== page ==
The UK remains the greatest partner of the Croatian Ministry of European Integration in providing technical assistance, particularly regarding education and public service. For a number of years, the UK and Croatia have also worked together and achieved some convincing results in combating crime. During the next stage of Croatia's European Union journey, clearly the partnership between it and the UK will further strengthen and diversify. Yet one inconsistency obtains: the UK is the only European state that still maintains a visa regime with Croatia. For a long period, the Government have claimed that that imposed restriction is nevertheless constantly under review. Does the Minister agree that, for obvious reasons, the time is now right to end it?
Bilateralism connects to the second theme, which focuses on enhanced well-being and opportunity in the European Union's regions and communities. The task of achieving such a purpose is normally attributed to national governments or local governments within nation states, although to some extent also through EU-assisted programmes and disbursements. Yet, in spite of that logical approach to delivery, a similar pattern emerges all over Europe: instability. That pattern occurs even though increasing resources may well be delivered through the usual channels. To that extent, therefore, the usual channels are found wanting. No doubt that is why there are now so many joint initiatives and partnerships. These are formed between private and public bodies in a variety of combinations at local and national level. They try to compensate for the deficiency in delivery by the usual channels. Yet they do not set themselves up as rivals. Instead, through the accumulation of evidence and in other ways, they aim to evolve much better practice for adoption and to reduce instability in regions and communities.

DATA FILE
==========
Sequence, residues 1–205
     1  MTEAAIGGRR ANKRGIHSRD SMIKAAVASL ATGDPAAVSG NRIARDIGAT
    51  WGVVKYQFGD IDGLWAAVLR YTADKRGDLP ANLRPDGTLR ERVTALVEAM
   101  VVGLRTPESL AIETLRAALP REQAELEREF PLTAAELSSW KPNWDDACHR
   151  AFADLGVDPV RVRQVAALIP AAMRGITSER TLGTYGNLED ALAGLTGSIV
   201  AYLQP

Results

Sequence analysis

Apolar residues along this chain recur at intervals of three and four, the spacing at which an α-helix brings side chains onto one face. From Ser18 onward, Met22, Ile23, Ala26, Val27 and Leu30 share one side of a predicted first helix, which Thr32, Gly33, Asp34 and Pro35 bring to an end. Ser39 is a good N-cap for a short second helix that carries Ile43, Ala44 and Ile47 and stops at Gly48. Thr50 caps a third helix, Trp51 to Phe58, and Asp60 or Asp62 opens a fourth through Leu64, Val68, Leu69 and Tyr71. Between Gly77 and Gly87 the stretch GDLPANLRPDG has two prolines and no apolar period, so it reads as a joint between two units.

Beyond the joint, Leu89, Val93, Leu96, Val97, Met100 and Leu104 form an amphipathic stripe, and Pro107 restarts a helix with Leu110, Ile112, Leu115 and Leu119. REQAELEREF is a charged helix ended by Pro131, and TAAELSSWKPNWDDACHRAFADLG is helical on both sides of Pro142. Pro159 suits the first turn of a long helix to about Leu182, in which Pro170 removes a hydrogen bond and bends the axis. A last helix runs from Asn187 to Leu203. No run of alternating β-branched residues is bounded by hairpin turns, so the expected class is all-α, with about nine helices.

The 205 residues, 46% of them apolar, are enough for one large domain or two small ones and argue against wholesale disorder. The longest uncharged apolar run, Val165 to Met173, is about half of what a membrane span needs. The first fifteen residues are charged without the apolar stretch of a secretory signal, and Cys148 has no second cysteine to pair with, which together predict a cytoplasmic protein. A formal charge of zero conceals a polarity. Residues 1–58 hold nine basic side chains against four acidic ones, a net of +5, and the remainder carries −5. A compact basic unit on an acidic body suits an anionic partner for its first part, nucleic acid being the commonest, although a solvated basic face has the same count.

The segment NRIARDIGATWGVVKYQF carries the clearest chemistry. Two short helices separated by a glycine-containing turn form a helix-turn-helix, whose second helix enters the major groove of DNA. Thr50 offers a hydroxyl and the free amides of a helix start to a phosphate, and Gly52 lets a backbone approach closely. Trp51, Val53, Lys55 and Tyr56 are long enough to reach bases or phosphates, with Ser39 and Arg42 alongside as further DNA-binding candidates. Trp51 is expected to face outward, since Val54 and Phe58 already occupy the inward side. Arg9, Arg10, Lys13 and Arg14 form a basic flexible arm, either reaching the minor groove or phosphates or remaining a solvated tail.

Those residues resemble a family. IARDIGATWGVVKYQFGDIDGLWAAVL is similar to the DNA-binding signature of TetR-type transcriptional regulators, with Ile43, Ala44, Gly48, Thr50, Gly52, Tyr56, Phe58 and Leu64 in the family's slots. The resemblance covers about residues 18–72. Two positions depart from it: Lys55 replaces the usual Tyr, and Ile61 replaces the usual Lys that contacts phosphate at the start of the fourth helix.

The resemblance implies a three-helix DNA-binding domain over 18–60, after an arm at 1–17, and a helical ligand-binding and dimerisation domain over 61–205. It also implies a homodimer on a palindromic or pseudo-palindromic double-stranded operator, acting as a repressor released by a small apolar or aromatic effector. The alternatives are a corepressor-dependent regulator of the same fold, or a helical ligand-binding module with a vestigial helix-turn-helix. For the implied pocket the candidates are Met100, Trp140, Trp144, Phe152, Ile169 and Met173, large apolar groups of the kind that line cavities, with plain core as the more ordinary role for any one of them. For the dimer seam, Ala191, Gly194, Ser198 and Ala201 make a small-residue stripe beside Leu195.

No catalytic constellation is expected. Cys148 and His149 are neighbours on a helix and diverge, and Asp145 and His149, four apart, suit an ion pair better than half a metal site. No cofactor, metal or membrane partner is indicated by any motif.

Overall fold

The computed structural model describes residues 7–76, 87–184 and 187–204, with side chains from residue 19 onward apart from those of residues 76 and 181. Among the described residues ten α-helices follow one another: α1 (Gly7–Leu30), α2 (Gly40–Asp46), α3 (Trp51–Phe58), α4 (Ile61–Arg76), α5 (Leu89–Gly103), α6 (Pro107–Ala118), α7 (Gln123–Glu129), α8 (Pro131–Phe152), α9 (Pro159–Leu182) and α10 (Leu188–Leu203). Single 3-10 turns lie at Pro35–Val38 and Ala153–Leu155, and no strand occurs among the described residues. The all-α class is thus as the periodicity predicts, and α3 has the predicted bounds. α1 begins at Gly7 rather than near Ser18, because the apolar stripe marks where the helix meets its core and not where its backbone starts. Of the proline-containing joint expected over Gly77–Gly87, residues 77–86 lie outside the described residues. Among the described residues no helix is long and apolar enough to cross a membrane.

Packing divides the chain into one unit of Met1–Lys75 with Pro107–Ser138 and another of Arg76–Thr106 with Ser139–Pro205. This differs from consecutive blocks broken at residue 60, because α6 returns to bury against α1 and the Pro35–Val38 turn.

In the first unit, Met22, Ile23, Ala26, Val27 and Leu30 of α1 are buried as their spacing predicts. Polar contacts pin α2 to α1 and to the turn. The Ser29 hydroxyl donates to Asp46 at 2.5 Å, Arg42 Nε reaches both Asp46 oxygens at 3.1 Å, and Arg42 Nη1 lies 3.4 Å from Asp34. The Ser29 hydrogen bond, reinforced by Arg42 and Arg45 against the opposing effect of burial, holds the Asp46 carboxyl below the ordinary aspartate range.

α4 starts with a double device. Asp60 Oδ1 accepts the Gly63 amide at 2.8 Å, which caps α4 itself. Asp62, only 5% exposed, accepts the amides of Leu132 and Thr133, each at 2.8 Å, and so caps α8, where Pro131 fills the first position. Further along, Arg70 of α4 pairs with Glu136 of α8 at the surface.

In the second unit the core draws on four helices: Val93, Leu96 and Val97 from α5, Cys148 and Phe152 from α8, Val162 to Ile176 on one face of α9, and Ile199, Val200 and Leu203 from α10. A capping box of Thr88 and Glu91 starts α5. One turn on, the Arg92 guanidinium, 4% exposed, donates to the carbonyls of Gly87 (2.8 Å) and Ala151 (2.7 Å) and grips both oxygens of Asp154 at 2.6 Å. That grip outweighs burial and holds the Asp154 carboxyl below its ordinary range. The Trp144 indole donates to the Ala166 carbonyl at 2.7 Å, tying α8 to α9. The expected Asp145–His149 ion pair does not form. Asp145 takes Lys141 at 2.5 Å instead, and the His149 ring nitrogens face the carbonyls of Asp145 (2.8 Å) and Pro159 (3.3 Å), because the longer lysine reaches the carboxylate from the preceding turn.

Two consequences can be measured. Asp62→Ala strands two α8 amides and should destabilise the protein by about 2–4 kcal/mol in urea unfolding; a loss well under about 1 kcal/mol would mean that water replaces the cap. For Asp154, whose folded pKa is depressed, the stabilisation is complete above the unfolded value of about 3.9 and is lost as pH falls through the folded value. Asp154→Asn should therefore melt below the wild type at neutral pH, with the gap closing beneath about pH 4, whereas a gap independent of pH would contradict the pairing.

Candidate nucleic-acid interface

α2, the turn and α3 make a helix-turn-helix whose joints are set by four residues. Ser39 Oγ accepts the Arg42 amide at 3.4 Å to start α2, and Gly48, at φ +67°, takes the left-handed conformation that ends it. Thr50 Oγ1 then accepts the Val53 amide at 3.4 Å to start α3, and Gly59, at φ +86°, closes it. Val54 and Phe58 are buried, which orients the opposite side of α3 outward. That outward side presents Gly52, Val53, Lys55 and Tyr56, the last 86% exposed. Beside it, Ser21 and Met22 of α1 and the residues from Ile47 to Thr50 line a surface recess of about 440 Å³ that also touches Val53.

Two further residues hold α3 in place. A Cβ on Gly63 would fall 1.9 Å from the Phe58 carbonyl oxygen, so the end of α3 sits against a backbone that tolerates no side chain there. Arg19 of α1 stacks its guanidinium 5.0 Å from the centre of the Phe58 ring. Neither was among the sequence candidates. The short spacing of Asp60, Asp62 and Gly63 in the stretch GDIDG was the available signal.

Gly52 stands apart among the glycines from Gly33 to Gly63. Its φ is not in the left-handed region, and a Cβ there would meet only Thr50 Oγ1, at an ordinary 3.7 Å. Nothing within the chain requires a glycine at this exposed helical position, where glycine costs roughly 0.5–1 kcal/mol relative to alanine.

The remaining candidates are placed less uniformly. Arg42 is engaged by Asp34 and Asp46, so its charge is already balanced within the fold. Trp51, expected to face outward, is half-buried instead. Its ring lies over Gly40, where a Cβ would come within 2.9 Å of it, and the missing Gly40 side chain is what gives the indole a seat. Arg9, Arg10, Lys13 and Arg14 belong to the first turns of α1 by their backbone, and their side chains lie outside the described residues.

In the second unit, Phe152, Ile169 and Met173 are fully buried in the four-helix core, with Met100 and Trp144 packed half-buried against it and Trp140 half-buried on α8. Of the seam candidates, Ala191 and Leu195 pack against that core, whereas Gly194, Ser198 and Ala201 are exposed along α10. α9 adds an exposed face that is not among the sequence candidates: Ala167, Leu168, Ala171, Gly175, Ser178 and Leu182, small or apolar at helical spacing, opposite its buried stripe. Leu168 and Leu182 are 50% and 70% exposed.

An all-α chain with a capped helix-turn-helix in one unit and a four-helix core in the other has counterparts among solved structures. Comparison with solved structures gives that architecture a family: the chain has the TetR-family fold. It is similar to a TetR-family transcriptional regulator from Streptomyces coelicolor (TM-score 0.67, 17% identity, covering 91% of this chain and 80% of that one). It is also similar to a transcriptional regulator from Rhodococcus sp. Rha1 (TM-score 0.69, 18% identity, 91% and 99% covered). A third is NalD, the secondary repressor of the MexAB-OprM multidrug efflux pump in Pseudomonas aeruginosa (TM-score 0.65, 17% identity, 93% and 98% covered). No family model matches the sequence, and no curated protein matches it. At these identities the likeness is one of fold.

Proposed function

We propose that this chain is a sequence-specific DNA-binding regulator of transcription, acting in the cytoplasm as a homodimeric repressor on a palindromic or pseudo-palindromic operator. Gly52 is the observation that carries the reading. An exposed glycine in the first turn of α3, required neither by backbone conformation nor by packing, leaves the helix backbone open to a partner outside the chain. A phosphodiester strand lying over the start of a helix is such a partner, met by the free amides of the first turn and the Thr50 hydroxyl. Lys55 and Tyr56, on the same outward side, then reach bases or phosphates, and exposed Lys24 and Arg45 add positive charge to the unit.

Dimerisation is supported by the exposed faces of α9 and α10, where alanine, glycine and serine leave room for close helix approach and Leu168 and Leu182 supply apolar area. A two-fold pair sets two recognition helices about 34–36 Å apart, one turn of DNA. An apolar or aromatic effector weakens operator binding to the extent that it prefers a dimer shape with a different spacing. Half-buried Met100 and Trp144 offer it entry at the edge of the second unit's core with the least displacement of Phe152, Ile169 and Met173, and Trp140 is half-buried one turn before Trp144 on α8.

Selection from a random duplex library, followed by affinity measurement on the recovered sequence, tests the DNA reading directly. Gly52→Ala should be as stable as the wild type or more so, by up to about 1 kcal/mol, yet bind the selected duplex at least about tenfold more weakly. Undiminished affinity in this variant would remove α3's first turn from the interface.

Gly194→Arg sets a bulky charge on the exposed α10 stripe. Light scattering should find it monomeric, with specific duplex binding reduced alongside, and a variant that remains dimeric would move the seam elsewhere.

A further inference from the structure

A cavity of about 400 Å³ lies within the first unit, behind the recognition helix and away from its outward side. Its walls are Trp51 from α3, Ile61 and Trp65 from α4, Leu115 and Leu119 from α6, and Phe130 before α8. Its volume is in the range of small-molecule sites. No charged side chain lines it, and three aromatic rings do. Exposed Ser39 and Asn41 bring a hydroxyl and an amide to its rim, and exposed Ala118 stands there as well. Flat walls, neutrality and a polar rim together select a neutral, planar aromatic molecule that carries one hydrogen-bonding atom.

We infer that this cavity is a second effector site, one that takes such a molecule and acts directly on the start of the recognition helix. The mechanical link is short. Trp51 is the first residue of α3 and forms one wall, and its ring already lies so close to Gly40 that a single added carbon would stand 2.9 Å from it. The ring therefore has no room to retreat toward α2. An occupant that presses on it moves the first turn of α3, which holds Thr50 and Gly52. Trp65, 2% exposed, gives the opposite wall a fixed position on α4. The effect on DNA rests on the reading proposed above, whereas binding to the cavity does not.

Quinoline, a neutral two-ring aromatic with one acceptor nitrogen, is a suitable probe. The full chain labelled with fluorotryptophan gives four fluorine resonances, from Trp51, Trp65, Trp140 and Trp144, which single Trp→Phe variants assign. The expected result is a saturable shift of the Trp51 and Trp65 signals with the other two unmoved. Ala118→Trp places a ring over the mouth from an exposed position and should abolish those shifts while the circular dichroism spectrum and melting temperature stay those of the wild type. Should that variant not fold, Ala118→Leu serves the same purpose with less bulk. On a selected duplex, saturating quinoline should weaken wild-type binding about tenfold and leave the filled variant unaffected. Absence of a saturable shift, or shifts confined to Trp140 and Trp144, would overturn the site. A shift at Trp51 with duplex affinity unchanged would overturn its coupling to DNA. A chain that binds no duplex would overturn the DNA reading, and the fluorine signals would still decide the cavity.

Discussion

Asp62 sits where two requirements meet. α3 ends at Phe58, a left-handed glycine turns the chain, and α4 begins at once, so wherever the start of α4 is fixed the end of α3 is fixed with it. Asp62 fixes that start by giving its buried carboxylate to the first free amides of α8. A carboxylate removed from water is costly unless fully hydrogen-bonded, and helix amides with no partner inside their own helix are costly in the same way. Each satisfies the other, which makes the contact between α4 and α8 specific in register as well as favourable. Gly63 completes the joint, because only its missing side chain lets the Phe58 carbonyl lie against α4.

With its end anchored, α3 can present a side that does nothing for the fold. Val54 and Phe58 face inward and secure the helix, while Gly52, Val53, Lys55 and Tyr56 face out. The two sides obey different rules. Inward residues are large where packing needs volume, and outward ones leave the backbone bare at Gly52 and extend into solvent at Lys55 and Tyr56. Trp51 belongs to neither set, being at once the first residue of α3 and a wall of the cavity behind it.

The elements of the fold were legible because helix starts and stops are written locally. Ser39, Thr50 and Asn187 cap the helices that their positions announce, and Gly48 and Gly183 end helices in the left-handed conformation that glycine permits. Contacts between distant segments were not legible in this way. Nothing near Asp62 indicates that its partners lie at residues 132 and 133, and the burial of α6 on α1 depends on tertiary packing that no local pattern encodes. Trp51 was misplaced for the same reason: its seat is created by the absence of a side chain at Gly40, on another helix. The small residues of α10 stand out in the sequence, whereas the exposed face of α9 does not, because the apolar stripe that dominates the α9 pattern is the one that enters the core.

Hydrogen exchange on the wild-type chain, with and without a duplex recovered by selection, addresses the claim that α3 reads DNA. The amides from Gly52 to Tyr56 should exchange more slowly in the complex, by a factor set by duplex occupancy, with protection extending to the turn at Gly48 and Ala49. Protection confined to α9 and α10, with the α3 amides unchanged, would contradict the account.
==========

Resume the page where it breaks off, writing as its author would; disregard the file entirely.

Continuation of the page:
The manifestation of such instability is frequently perceived to be youth unemployment and disorientation, leading to youth crime and disruption. Increasing examples are of joint initiatives embarked on between different EU regions, or where partners to the same initiative are from different regions. Since informal, by definition, those efforts have the advantage of independence from national government or EU restrictions. In that context, I should say that, to my knowledge, there are already some small but extremely useful joint initiatives between operators in Croatia and Scotland.
Independent bilateral endeavour to assist better practice is also closely related to the third theme: the aspiration of balance and subsidiarity between the European Union and its members. One important aspect of that is a proper role in the EU for national parliaments in general, not least their function of scrutiny over draft EU legislation. I pay tribute to the achievements of the noble Lord, Lord Grenfell, in that regard and for his work as chairman of COSAC during the current British EU presidency. I know that the Minister also takes a keen interest in the role of EU parliaments. Does he agree that regional contacts to evolve best practice, as indicated, represent another powerful force of balance and subsidiarity in Europe? Can he say what support and funding may be in place in the EU and the Council of Europe to advance both those forms of subsidiarity?
Whether in south-eastern Europe or elsewhere in the Union, Croatia can now make a significant contribution to peace and stability. We should rejoice in what is now the reality of a wider Union and in its triumph for peace, history and humanity.
My Lords, I congratulate the noble Earl, Lord Dundee, on raising the issue of Croatia and its relations with Europe. I agree with him that Croatia is a European country by most definitions, culturally and geographically. It has made substantial strides towards incorporating the acquis. No doubt, as the process moves along, further such progress will be made.